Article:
Jarryd Justyn Delaney, Martha’s Table

My name is Jarryd Delaney and I am a freshmen C.L.E.G. major in the School of Public Affairs. For CSLP I decided to relate my service to my Introduction to CLEG class. For those who are unaware, “CLEG” is an acronym for “Communication, Law, Economics, & Government” and is an interdisciplinary major at American University. I stumbled upon my organization, “Martha’s Table”, by accident. Initially, my service hours were going to be given toward a program that helped underprivileged children receive a better education than the one they were already getting. However, soon into my time with them it was unfortunately made clear that they did not need as many people as they had taken on board to help. So my help, although appreciated, was no longer needed. Soon after I had received that email, my Program Assistant, Jessica, guided me toward an organization called “Martha’s Table” that seeks to help feed less-fortunate people in and around the Washington D.C. area. Through the Table Program, I was able to find a branch-off called “Martha’s Outfitters”.

The Outfitter program is dedicated to collecting, cleaning (if need be) and re-selling slightly used clothing at lower and much-more affordable costs. These clothes are handled in such a manner that allows people and families of lower incomes to purchase ‘new’ clothing without being left without any money to spend on other necessities. I decided to partake in helping this organization because of two main reasons. First, I enjoy clothes. Fashion is something I take pride in, and being able to help people of lower income express themselves through clothes is important. Many of the clothes that are sold at the outfitters do not resemble the stereotypical “second-hand clothes” some people picture. Secondly, many people who are better off forget that clothes are in fact hard to purchase for many others. More “privileged” people assume that clothes are something that is a given, something that can be easily obtained and used. But in reality for many people, this is not true. The price of new clothes is a large barrier for people of lower incomes, and without places like “Martha’s Outfitters”, new clothes would be hard to come by.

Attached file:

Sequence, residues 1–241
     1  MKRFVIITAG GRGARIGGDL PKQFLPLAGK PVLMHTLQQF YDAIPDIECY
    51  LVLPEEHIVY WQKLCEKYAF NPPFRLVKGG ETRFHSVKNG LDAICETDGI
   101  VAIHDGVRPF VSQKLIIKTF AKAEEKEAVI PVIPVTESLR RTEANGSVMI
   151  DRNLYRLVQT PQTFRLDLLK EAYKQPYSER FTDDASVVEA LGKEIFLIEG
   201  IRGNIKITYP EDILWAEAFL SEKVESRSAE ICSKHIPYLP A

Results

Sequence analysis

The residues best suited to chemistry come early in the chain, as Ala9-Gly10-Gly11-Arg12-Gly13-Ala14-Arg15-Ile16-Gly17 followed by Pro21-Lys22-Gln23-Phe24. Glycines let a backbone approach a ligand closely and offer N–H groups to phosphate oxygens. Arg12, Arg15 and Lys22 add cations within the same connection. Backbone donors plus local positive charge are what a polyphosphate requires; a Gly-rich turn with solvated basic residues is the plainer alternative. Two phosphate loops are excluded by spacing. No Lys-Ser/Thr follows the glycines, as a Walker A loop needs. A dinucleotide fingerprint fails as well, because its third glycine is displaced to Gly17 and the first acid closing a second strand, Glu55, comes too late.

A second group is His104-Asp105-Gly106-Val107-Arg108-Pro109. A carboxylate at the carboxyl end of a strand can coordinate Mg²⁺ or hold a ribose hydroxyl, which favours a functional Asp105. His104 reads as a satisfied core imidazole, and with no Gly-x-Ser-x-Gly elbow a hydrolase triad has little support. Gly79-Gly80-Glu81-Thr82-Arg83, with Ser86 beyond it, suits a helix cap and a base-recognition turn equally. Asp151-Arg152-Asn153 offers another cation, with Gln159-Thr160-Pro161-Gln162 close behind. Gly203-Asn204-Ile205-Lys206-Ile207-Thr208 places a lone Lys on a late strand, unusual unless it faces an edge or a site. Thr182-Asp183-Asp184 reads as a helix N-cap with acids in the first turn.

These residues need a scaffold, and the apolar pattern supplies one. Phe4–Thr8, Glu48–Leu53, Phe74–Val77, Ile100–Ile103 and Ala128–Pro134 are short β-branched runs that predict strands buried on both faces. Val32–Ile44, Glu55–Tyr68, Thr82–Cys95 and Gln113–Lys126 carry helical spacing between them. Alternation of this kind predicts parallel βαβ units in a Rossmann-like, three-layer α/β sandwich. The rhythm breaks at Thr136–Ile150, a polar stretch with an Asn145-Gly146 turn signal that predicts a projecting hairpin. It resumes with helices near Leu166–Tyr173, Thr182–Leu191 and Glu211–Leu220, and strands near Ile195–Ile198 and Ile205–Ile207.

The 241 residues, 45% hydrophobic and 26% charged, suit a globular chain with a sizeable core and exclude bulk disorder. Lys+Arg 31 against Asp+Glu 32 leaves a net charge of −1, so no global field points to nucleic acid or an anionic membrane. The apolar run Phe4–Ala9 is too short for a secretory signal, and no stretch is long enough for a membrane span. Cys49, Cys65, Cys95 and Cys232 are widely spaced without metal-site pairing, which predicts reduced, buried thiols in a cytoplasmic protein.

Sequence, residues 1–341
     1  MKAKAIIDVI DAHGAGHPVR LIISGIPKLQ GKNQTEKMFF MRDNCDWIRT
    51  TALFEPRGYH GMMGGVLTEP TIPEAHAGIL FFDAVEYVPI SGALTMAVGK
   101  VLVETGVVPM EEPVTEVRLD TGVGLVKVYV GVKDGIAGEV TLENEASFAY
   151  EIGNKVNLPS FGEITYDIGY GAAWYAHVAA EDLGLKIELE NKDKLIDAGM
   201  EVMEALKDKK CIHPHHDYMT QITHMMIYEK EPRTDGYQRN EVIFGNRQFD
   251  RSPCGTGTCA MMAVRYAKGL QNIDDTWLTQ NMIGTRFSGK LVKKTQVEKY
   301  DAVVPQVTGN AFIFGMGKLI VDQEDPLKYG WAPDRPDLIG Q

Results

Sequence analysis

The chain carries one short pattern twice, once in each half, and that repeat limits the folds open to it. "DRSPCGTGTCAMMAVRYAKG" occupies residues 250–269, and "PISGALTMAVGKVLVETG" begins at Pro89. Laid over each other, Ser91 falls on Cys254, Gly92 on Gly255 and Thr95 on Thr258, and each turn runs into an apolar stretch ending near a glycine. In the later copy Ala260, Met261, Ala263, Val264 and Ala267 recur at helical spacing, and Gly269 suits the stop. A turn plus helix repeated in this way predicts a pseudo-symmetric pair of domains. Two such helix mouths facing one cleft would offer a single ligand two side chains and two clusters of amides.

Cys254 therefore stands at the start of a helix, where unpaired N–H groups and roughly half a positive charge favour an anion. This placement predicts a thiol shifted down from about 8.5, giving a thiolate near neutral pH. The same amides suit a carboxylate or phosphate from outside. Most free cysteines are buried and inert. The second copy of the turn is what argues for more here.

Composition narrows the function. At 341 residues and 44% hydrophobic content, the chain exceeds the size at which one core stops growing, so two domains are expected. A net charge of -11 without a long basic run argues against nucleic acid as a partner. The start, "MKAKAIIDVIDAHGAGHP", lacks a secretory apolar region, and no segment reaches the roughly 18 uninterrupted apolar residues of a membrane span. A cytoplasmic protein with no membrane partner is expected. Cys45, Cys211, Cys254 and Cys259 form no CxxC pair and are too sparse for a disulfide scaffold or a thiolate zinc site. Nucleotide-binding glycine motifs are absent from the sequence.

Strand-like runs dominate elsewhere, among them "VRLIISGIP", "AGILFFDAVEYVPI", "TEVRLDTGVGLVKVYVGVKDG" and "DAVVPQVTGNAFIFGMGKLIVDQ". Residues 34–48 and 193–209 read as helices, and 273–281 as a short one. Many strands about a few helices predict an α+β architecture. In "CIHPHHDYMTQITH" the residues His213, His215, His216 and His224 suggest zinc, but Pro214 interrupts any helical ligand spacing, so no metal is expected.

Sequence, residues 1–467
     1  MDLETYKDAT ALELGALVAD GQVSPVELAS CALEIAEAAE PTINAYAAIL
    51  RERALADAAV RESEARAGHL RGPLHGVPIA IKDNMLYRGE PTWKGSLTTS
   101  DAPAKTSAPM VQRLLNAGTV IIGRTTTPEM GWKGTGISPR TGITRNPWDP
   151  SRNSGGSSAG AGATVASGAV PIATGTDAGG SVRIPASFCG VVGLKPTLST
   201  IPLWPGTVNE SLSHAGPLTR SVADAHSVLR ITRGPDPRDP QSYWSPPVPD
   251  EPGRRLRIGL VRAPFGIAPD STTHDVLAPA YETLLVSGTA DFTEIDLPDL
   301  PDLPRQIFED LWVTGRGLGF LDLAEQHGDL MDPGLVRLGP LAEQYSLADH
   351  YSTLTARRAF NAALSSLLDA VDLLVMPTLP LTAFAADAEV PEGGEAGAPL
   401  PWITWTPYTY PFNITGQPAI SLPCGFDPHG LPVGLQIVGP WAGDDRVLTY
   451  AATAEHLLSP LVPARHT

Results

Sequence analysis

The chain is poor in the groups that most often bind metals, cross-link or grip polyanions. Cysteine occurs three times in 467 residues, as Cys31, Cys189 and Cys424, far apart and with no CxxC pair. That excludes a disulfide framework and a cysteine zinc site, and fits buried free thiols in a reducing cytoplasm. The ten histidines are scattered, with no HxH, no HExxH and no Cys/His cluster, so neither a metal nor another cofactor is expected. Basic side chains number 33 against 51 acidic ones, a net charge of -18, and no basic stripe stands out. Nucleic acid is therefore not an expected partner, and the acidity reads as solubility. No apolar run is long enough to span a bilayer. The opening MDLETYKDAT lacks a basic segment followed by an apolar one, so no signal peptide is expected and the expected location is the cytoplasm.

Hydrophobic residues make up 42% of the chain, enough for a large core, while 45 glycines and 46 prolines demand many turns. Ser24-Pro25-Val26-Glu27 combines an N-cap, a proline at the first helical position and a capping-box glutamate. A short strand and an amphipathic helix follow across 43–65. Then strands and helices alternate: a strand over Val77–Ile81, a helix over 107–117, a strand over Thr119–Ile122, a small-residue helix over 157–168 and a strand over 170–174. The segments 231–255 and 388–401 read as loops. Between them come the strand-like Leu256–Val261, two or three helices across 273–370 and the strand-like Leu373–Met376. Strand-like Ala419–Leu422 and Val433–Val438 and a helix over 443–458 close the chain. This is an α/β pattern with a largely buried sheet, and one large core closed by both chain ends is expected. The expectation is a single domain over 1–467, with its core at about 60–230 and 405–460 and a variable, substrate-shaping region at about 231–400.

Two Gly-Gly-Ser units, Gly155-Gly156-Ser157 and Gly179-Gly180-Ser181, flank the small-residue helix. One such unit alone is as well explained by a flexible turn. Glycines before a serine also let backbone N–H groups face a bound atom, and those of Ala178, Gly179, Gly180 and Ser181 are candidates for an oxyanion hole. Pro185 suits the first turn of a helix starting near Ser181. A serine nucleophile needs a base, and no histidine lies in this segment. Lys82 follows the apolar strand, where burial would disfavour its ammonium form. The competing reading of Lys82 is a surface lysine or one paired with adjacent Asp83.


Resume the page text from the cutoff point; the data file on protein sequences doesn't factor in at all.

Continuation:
I find that I am able to relate my experiences at my site to my findings in my Intro to CLEG Class fairly well. In my class, the semester has been very focused on the benefits and disadvantages of creating free or reduced cost college in the United States. Now, at first, that may not seem easily connectable to obtaining lower-cost clothes. However, if we dig deeper it will become clearer. I have learned in Intro to CLEG, that by creating free higher-education it will most likely create a larger division between wealthy and non-wealthy people. It will affect everyone and every part of the economy in ways positive and negative (such as the division). One positive way is that it will create more opportunities for people to move through the social ladder of economic division. More college, more job opportunities, and less student debt will together equal more wealth. If the United States becomes able to create more wealth for its citizens, then places such as “Martha’s Outfitters” will no longer be needed. That is the long term goal of many places like this however. If they are not needed, then the people they have served are better off.

Overall, I have enjoyed my time helping at “Martha’s Outfitters” and I can foresee myself helping with them again in the coming Spring 2017 Semester.


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